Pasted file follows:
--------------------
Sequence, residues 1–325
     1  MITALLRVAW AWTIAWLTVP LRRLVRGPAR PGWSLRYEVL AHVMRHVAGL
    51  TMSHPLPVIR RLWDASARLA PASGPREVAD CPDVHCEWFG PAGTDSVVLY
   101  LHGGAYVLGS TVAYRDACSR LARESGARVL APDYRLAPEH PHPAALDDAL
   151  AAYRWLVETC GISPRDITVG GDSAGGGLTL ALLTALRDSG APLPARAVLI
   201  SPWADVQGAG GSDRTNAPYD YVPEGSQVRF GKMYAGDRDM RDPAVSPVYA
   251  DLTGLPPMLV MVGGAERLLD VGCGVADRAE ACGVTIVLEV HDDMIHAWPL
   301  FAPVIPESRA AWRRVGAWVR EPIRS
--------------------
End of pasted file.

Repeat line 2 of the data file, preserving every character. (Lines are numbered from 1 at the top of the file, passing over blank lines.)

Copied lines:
     1  MITALLRVAW AWTIAWLTVP LRRLVRGPAR PGWSLRYEVL AHVMRHVAGL